Category Archives: LO-2


23 Jan 2015

Pier 9 Artist Profile: Scott Kildall from Pier 9 on Vimeo.’

“Water Works” is a physical 3D data visualization created by Autodesk artist in residence, Scott Kildall. Large-scale 3D-printed sculptures, are paired with an interactive web map to map the water infrastructure of San Francisco.

Unlike most data visualizations which are typically digital, “Water Works” represents its data as a physical form derived from digital data. Coming from an industrial design background I appreciate the tangibility of presenting data this way.

Currently the model and map are very separate, I wonder how the connection between the interactive map and the physical prototype could be more integrated. What if the map were projected onto the prototype? Maybe the prototype could be the method of interaction.

Points Sign by Breakfast

Points is a smart sign that pulls content from Foursquare, Twitter, transportation APIs, RSS feeds and other online sources to direct people to interesting things going on nearby. Three arms point in different directions, each displaying text of a nearby destination. The arms rotate towards new directions and the text updates to reveal newly selected content on the touch screen.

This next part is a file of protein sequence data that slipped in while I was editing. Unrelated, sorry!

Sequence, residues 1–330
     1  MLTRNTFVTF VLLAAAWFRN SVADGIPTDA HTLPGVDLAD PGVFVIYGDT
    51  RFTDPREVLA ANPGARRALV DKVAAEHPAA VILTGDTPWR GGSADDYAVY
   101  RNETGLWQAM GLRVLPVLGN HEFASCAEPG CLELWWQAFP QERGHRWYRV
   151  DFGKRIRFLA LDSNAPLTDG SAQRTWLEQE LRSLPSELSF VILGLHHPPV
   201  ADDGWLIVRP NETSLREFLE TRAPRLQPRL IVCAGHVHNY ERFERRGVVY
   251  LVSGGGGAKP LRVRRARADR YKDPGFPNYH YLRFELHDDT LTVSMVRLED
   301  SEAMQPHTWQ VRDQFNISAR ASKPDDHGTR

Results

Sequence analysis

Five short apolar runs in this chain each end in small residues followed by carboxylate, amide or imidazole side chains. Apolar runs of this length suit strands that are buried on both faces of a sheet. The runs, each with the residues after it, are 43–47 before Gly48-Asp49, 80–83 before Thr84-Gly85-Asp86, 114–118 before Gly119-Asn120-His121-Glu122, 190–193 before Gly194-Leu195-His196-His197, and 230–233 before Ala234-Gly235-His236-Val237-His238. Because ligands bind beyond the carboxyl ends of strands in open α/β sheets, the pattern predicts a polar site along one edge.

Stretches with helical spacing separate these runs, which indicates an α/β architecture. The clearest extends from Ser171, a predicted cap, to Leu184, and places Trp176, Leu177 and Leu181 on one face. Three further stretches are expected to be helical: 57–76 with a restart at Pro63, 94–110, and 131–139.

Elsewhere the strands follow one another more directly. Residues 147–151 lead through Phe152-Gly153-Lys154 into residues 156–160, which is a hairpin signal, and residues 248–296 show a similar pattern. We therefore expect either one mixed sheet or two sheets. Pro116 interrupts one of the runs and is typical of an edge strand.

I appreciate the way the Points creates a new system for experiencing digital content in the physical world by referencing traditional way-finding tools. The merging of digital and physical content in an intuitive way.

Right now the content seems fairly generic, it would be interesting if you could input your own data, Facebook, likes, friends, etc into the sign to get customized recommendations. It could suggest something like “your friend Joe is attending a concert at 19th ave”. Or “this restaurant down the street is similar to this other restaurant that you like”.


22 Jan 2015

Data visualization things that I found interesting: